Lassana Bathily’s calm, cool thinking saved lives in the Hyper Casher attack on January 9, 2015.

The 15 or so hostages he sequestered in the cold room in the supermarket’s basement will be eternally grateful to him for saving their lives. Two young children, a baby and a toddler, were among them.

Calls came nearly immediately for the French government to recognise his brave act with an honour.

The government granted him French citizenship, a passport and a medal on Tuesday, January 20.

Bathily, a practising Muslim, was born in June 1990 in the northwest of Mali. The eldest of three children, he moved to Paris in 2006 to be with his father.

Between 2007 and 2009, he attended technical school in the 19th arrondissement and obtained a diploma qualifying him to work as a tiler. His English teacher Alexandre Adamopoulos remembers him as ‘always smiling, disciplined, participating’.

Bathily intended on pursuing a professional qualification but realised that he needed to work.

In 2009, the French government refused him papers allowing him to stay. As he had arrived illegally, he was told that he would have to leave the country by the end of 2010. He told his technical school teachers. They were able to help him obtain the proper permit in 2011, which he had renewed annually as required by law.

In July 2014, Bathily applied for French nationality. By that time, he had been working for Hyper Casher for four years.

On January 9, 2015, after making sure the group in the basement of Hyper Casher were safe, he left the shop via the goods lift and went in search of the police. At 1:30 that afternoon, they handcuffed him, believing him to be an accomplice of Amedy Coulibaly. He went on to supply the special forces police — the RAID — with details of the building, hostage locations and the store layout as the siege progressed.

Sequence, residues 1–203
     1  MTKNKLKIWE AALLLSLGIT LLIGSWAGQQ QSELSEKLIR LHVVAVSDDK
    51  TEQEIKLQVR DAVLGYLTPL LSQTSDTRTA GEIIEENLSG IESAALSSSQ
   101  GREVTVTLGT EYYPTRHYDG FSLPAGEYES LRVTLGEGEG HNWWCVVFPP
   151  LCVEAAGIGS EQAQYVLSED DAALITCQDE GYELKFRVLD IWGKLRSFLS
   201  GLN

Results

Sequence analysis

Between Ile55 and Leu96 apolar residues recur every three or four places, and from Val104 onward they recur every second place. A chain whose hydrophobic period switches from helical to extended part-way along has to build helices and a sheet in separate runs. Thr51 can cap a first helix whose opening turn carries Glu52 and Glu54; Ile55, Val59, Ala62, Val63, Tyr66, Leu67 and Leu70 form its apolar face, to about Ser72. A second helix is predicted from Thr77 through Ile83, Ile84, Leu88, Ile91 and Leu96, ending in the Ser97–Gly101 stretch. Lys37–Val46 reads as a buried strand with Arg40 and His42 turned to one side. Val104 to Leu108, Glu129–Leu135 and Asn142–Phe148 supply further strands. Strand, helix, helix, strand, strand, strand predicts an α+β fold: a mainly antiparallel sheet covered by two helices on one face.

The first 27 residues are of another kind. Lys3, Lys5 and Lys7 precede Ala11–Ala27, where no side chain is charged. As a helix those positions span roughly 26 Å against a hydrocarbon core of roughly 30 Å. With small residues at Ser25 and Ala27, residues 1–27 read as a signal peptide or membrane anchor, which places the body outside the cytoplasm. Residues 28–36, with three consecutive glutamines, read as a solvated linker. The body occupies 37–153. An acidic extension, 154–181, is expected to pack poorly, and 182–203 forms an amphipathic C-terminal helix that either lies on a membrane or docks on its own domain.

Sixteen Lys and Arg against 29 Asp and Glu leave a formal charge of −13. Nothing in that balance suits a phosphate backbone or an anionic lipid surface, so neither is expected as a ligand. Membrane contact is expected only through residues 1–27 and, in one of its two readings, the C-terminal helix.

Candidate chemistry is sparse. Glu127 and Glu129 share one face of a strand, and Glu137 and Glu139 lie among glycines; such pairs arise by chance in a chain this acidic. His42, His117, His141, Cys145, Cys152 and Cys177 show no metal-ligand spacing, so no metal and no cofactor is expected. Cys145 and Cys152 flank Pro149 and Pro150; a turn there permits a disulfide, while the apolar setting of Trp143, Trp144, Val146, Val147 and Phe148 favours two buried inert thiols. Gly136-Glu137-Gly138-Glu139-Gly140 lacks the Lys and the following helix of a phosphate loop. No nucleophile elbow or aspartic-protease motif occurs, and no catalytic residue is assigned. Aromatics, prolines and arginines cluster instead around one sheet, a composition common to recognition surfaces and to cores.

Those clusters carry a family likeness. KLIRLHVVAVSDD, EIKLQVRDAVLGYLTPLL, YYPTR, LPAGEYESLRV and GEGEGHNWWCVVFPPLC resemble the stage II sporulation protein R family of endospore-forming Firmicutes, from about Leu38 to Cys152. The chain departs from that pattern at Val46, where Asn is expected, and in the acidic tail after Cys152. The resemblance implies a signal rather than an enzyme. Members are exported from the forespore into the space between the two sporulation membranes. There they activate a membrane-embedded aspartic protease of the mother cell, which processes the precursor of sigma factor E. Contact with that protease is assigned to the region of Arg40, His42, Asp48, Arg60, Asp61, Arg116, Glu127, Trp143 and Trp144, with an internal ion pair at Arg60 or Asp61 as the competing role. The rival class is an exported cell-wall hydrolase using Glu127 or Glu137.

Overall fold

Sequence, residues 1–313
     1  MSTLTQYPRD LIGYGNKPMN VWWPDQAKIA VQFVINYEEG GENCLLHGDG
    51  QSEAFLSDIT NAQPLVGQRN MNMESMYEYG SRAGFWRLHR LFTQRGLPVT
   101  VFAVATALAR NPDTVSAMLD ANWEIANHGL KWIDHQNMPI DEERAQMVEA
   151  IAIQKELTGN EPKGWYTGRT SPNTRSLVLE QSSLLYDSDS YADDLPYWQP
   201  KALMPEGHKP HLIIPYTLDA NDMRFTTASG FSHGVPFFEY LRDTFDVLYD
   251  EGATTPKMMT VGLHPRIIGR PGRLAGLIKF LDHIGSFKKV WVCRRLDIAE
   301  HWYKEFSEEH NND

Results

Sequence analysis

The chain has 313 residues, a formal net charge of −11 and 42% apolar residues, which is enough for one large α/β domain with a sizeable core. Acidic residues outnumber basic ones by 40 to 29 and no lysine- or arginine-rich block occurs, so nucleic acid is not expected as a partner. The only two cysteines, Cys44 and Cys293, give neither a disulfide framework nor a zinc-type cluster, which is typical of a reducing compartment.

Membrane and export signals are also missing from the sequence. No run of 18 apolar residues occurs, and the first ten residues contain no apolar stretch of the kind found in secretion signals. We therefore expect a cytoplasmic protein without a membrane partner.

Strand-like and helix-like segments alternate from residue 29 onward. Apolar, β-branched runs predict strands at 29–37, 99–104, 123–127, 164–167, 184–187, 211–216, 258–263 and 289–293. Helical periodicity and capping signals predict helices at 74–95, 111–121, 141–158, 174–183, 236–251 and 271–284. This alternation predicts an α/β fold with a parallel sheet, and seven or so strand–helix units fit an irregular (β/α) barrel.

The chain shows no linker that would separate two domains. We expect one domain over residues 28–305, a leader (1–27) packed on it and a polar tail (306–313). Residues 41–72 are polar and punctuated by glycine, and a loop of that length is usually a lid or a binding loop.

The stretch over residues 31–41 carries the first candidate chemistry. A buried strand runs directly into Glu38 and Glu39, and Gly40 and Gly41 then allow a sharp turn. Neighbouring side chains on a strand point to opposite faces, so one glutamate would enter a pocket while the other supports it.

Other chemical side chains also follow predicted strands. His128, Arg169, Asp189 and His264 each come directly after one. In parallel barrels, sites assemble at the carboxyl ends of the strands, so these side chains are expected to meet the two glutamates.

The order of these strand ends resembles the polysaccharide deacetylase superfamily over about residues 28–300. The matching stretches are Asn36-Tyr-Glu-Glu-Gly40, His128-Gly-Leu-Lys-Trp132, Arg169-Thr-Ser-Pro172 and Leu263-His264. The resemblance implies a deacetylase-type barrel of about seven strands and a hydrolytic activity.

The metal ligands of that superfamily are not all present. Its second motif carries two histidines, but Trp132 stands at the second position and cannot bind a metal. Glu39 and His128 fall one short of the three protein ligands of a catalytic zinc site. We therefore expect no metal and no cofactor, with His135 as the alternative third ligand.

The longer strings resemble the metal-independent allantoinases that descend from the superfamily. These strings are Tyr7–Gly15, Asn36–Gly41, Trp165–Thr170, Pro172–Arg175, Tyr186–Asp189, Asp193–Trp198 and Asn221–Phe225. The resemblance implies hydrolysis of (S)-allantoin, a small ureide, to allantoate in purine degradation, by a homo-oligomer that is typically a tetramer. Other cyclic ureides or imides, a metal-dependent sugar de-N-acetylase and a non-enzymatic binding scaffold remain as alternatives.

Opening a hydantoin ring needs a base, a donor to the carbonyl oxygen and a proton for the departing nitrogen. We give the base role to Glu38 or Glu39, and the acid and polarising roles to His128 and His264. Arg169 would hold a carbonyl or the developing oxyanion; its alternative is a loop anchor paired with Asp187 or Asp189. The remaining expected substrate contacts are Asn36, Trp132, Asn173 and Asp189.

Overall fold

Afterward, Bathily received public thanks in speeches by Benjamin Netanyahu and John Kerry. Petitions went online for official recognition.

French president François Hollande personally telephoned Bathily to say that his request for naturalisation:

would be treated with the respect that his heroism merits.

It did not take long. On January 20, at 6:30 p.m. Bathily received French citizenship in an impressive ceremony at Place Beauvau, where the Interior Minister’s offices are.

The ceremony took place in Interior Minister Bernard Cazeneuve’s large reception room. Le Monde reported that it was full of journalists, VIPs, representatives from the major faiths, various government ministers, including Cazeneuve and Prime Minister Manuel Valls.

Both Valls and Cazeneuve spoke to and about Bathily. Cazeneuve gave him two books about France, one of which is a collection of photographs.

Bathily, somewhat overwhelmed by events, listened whilst looking at the floor. Then it was his turn to speak. He told the ministers and audience:

I’m not a hero, I’m Lassana and I’ll stay that way.

He added that the loss of his colleague — and friend — Yoan Cohen deeply affected him:

I lost someone I liked a lot, someone with whom I shared a lot of laughs.

In a televised interview, Bathily said:

It could be a Christian, an atheist or a Muslim, if I see a bad person killing, it hurts me. I didn’t just do it for the Jews. It’s simply inhuman. You can’t let an innocent person be killed.

Of France, he stated:

I like this country because even if you have nothing, even if you don’t have your papers, don’t have money, they help you. It’s a great country. I really like France.

Would that more citizens felt that way.

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